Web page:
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In the Crossfire

Will ballplayers, owners strike out this time?

(CNN) -- Baseball players have set a strike deadline of August 30 and may be one step closer to a walkout. Would a strike be crippling for the American pastime?

CNN's Keith Olbermann and sports agent Drew Rosenhaus step into the "Crossfire" with hosts Paul Begala and Robert Novak, batting around the idea of a work stoppage.

NOVAK: Drew, I want to tell you something. Every time they have had collective bargaining, nine times they have had a strike. Every time a strike deadline has been set, there's been a strike. And I'm speaking as a fan, who out of his own after-tax dollars, pays for expensive season tickets with the Baltimore Orioles.

My friends who have season tickets and I say, "This is all, baby." We renewed after '94. If there is a strike this time, sayonara. Do you know if that's the truth?

ROSENHAUS: I hope you're right. And more people need to make that clear because we have got to find some motivation to get the owners to work at this thing and not just try and single-handedly impose new rules on the players.

I'm telling you, Keith, that the players are trying to step up. They realize they have to make sacrifices. They are going to be taking a step back, believe me. They're willing to agree to a lot of concessions.

NOVAK: Do you believe that, Keith?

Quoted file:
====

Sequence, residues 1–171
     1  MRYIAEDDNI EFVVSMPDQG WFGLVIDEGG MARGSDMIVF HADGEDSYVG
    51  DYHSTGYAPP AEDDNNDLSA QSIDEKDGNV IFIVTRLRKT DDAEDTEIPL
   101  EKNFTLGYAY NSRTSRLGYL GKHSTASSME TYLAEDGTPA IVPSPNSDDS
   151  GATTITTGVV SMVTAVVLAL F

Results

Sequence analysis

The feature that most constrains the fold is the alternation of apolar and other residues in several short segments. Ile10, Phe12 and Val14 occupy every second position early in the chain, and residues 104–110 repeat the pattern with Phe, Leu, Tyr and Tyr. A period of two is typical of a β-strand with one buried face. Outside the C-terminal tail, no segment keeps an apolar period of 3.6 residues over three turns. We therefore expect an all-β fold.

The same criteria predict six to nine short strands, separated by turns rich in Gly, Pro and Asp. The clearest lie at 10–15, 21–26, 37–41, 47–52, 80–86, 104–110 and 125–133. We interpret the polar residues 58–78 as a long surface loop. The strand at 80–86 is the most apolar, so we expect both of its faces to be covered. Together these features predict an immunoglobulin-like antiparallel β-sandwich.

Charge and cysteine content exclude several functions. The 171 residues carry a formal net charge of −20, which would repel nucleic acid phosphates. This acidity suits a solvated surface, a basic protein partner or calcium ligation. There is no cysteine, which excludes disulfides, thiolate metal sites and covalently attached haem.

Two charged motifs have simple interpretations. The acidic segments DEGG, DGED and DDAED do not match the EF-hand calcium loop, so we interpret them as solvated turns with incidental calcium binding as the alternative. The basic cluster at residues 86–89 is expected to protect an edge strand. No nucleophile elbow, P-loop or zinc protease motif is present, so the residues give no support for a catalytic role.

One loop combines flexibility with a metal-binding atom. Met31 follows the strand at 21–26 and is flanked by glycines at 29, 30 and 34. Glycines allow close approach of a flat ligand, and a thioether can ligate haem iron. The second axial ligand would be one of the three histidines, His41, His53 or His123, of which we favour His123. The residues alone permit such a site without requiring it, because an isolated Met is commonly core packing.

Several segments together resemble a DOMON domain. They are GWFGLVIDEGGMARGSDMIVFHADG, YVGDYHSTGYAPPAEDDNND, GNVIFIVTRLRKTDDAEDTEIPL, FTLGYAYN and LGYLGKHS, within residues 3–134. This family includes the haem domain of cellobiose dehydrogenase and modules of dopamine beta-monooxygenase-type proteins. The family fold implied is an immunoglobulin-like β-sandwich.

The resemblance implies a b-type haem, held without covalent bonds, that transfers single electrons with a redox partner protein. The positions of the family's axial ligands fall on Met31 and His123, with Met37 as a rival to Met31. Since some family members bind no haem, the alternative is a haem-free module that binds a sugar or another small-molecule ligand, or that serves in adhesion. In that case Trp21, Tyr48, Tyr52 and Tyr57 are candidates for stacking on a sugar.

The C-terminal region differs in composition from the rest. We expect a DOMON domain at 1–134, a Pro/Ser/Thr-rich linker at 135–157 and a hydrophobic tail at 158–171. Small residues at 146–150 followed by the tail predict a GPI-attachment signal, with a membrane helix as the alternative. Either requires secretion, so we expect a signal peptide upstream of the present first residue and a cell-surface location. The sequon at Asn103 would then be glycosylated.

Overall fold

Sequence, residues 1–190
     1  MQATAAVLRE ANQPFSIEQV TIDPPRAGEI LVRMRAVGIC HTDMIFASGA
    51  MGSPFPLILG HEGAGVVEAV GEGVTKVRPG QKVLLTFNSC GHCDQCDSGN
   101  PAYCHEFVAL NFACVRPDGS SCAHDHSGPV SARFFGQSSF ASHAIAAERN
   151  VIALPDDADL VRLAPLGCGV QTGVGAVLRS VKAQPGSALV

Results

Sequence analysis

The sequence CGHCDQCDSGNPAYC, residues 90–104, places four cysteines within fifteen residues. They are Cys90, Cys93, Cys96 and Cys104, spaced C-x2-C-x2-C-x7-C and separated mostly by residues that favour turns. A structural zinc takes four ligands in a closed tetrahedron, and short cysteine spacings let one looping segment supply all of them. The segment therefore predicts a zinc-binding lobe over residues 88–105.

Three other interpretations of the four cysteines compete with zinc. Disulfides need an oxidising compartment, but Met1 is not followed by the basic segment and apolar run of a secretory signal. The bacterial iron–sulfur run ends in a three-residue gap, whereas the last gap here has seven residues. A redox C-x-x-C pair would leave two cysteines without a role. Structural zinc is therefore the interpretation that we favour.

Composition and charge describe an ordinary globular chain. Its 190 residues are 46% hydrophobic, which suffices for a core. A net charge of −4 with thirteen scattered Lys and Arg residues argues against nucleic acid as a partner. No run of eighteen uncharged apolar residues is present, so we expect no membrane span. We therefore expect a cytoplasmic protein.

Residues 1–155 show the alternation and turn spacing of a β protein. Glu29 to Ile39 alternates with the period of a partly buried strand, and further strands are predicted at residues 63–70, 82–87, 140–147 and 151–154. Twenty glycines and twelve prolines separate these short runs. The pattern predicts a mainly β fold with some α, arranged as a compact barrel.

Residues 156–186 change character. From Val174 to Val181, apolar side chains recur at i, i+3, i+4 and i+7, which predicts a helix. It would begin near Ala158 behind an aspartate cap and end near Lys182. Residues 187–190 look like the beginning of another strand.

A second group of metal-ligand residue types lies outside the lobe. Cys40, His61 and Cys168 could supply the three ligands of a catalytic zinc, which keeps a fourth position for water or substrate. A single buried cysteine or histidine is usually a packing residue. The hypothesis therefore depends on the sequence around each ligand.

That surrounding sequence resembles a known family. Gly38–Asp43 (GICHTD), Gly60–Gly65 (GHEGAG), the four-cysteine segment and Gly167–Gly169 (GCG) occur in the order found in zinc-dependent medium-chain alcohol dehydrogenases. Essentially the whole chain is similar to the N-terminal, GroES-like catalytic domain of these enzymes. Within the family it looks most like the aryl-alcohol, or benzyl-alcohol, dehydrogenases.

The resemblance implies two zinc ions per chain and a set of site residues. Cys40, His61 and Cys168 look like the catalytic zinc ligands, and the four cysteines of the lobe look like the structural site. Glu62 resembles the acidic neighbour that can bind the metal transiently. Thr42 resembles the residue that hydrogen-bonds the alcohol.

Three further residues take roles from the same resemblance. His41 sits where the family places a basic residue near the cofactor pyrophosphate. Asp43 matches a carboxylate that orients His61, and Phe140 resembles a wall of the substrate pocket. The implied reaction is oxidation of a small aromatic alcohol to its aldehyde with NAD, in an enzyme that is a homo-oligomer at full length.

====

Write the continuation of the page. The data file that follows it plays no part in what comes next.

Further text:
OLBERMANN: I think they have already indicated they are willing to watch the reinstitution of this luxury tax that would slow and drag salaries to some degree. I don't think it's that. I think they will eventually compromise on this.

The problem is there needs to be -- one side or the other here hopefully drags the other one across this finish line in which they both wind up on the same side of the dollar bill and manage to work this marvelous industry into some sort of cohesion where it can survive without going through a labor problem every three years.

ROSENHAUS: Unfortunately, in the business world of sports, the only way to get deals done are deadlines.

BEGALA: Drew, just a minute. Let me ask you a question before you give me the answer. Mr. Rosenhaus, let me ask you the question. Why doesn't one side, and you represent ballplayers, win the war and lose the battle? That is, why don't the players in this case give a little on the revenue sharing and insist that the revenue that is shared also plows back to the fans in the form of lower ticket prices so a middle-class family can actually go to a doggone ballgame?

ROSENHAUS: I don't think the players have a problem with that. It's the owners. I believe the owners don't want to give money back to the fans, not the players. The players are very happy with the current status of baseball.

BEGALA: Of course, as an agent, you don't get any money that goes back to the fans.




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